This week, Bitcoin and cryptocurrency prices sank after the Fed released the minutes of its December meeting, which revealed a U-turn in its policy that doesn’t bode well for crypto.
As of now, the Bitcoin price is down 9% to $38,040 for the week, tumbling from around $41,500 after the news broke. The world’s biggest crypto shed more than one-third of its value from its November peak.
Meanwhile, the rest of the crypto market followed Bitcoin’s lead. The Ethereum (ETH) price is down 10%, Binance Coin (BNB) slipped 11.5%, and Solana’s (SOL) price cratered 14%.
What’s the fuss?
At the end of last year, the Fed had an about face. Fed Chair Jerome Powell ate his words and admitted inflation is not “transitory.” And the minutes revealed that most Fed officials now warn about higher inflation than previously expected.
Inflation naysayers turned hawks are now gearing up to take swift action.
“Participants generally noted that, given their individual outlooks for the economy, the labor market, and inflation, it may become warranted to increase the federal funds rate sooner or at a faster pace than participants had earlier anticipated,” the minutes read.
As recently as last March, the Fed pledged not to raise rates until 2024. Today its officials penciled in three rate hikes this year alone. And the market sees a strong possibility that the first hike is coming at the next Fed meeting in March.
“It’s going to be the biggest hawkish shift in the history of the dot plot,” said Laura Rosner-Warburton of Macropolicy Perspectives.
Why it matters
There’s a heated debate among investors whether cryptos are an alternative to gold, an inflation-fighting store of value, or a risk asset that performs more like an emerging tech stock. This question is especially important today because rising rates hit growth stocks the hardest.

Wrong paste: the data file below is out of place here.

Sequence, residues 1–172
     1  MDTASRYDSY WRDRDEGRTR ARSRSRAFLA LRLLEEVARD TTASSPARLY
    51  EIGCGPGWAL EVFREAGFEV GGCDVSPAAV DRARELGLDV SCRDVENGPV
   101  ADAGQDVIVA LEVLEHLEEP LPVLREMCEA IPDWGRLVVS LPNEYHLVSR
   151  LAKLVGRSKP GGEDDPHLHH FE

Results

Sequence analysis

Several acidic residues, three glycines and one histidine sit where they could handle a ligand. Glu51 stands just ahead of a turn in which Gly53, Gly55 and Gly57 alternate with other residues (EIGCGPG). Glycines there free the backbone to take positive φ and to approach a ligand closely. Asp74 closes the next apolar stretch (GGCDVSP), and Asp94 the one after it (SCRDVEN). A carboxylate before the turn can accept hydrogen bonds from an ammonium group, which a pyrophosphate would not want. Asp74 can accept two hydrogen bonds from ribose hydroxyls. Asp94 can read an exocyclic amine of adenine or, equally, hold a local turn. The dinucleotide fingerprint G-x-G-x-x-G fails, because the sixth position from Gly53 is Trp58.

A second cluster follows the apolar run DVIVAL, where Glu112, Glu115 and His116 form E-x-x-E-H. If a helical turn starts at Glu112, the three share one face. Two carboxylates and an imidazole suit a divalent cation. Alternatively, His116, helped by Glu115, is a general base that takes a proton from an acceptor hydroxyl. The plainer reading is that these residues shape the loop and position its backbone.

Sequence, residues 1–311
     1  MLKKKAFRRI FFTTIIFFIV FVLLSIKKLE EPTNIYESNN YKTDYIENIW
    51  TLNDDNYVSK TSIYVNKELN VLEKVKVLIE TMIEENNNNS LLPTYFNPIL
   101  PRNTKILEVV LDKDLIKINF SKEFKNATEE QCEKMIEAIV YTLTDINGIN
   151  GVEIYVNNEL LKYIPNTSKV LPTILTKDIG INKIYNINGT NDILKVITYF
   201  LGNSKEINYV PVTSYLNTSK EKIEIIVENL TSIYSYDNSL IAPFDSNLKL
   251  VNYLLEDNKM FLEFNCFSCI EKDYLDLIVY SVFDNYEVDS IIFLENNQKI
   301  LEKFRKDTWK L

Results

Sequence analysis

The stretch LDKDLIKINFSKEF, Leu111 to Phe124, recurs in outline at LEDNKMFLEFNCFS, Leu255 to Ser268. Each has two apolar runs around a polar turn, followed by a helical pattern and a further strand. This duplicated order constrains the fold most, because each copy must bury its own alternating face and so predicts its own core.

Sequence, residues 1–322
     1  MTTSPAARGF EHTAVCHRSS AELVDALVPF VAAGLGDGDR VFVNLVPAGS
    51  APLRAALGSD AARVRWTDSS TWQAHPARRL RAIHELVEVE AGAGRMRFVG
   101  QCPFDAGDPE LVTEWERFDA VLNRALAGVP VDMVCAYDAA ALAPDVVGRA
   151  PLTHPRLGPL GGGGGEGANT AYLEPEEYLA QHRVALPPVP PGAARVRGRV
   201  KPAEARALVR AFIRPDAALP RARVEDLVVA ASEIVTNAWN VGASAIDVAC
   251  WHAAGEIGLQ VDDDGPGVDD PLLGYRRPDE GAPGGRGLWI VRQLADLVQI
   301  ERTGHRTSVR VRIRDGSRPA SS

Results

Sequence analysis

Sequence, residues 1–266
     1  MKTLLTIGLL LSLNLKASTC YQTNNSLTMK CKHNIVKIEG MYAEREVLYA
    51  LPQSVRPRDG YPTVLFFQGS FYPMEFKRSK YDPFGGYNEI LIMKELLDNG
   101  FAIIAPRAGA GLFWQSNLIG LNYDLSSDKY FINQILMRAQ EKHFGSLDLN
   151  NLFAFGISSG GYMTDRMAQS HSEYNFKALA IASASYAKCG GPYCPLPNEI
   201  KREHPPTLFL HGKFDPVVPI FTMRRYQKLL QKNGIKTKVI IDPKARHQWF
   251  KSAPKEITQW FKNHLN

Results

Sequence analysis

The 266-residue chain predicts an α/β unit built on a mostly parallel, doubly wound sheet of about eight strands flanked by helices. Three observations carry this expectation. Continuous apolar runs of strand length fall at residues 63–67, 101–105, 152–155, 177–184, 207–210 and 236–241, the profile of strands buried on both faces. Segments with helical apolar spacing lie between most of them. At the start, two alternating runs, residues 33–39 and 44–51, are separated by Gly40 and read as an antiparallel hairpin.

Bitcoin’s proponents argue its limited supply and decentralized nature means that policymakers can’t print it up and depreciate it like fiat currencies. By this logic, cryptos are supposed to weather inflation and retain purchasing power.
Meanwhile, crypto naysayers point to Bitcoin’s price action, which, at least so far, hints this asset class is acting more like a tech stock than an inflation-fighting store of value.
In fact, Bitcoin’s recent slump coincided with the 10-year Treasury yield surging from 1.52% on December 31 to currently 1.71%. And cryptos’ prices are closely correlated to the Nasdaq
If this pattern holds out in the future, Bitcoin and other crypto prices could be in for a shaky year—with all major central banks warming up to raise rates faster than expected to tame the historic inflation surge.
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